My twitter/facebook status yesterday read, "Steve thinks the lessons for Easter 3 are tough for preaching." At about 1pm, I got a phone call from my rector's son, a youth minister in Birgmingham, who wanted to let me know that he had found that the word "opened" found in Luke 26.45 was not the word one would normally use to say that a door had been opened. Instead, the Greek carries a meaning like, "the old has been torn to shreads so that a new can be put in its place."
In the context from Luke's gospel it seems to mean, "Jesus spoke to them, torn out their old brains and gave them new minds, the mind of Christ." Or as my friend said it, "they had a baby in their brain."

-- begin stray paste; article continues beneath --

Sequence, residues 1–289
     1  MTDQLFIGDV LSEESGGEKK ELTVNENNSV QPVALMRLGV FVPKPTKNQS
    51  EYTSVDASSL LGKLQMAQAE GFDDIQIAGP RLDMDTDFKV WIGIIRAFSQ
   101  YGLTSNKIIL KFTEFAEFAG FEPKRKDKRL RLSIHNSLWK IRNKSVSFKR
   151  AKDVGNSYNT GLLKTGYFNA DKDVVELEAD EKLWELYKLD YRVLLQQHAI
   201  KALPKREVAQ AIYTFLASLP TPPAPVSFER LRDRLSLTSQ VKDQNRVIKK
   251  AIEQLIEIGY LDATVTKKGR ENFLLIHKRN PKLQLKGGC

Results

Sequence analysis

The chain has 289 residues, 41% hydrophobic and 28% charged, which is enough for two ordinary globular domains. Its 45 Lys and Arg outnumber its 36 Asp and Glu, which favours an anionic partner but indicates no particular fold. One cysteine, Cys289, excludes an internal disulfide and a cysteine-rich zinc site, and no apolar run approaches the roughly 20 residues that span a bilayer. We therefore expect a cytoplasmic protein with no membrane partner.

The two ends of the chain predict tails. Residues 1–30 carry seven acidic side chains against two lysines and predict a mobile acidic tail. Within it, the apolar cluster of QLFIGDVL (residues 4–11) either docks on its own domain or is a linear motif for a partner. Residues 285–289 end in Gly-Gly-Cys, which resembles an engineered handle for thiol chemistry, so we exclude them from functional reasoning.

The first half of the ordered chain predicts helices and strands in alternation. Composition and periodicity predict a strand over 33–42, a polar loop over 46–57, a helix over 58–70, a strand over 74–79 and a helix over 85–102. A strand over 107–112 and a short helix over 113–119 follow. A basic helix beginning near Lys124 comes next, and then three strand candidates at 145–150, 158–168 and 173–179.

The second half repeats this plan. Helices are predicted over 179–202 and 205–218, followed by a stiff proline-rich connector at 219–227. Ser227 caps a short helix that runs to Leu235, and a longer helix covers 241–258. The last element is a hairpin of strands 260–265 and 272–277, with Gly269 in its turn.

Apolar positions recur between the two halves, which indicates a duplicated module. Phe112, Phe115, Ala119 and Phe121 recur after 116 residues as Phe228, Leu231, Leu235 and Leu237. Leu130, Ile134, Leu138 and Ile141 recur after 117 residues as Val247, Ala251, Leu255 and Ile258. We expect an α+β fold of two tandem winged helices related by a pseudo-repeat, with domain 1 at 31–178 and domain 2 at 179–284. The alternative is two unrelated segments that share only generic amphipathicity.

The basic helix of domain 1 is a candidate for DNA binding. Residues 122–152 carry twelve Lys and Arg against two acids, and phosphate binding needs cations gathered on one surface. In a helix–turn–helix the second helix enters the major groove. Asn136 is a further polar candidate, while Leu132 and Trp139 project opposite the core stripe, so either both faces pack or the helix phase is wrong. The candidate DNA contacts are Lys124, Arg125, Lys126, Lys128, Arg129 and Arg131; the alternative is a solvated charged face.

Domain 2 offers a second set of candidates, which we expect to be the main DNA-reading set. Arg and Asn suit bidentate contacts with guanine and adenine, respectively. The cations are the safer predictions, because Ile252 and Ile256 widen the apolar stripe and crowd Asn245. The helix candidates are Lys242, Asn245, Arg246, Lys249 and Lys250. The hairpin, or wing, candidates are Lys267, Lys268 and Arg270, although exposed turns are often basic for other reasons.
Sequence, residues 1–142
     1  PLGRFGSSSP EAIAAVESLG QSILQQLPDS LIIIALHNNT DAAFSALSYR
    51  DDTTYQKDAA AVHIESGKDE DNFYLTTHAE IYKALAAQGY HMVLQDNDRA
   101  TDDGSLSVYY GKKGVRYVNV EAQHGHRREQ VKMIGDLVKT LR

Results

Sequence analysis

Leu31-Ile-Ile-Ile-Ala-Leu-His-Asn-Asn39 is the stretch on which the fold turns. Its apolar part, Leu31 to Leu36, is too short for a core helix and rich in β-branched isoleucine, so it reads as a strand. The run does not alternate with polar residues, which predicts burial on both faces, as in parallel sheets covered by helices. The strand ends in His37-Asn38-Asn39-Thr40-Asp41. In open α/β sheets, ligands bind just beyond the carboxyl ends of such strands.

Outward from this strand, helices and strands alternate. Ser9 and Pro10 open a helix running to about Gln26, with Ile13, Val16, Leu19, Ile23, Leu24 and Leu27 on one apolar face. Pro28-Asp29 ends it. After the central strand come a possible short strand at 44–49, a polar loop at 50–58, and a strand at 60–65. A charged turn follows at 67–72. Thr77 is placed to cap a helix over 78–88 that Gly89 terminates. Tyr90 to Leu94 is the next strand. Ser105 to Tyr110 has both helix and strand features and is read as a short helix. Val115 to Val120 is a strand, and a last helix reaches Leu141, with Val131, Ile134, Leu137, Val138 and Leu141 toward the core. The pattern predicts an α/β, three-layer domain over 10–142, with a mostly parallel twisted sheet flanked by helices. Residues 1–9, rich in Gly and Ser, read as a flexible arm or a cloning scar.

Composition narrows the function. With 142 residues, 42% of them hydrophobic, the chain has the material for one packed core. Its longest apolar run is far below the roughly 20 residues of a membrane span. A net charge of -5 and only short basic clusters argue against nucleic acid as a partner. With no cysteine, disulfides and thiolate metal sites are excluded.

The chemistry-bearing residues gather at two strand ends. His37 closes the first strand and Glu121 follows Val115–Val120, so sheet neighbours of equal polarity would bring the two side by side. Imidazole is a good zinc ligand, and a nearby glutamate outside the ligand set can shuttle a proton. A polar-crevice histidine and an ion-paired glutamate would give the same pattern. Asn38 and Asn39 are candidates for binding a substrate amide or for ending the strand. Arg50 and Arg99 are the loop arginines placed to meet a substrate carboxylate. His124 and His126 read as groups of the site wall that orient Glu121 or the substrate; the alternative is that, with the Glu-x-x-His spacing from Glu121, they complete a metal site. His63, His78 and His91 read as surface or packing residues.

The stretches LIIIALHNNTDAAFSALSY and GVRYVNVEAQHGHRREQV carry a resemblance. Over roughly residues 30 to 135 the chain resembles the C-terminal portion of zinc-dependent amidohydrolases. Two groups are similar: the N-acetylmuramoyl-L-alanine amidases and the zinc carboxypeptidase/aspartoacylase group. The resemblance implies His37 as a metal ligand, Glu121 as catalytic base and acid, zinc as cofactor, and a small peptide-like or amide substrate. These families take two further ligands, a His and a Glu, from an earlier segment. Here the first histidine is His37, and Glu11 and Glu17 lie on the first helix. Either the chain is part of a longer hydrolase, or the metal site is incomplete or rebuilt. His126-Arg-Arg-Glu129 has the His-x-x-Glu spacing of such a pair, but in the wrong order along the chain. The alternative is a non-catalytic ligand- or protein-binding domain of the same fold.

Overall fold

This realization has great preaching opportunity for me in light of the lesson from 2Luke (Acts) when Peter tells the crowd of Jews that he "knows they acted in ignorance" because, it seems to me, that he too acted in ignorance prior to "having a baby in his brain" as Jesus opened the scriptures to the disciples on that first Easter Day.
St. Paul's hasn't had Greek dropped on them in a few months. Maybe the time has come again.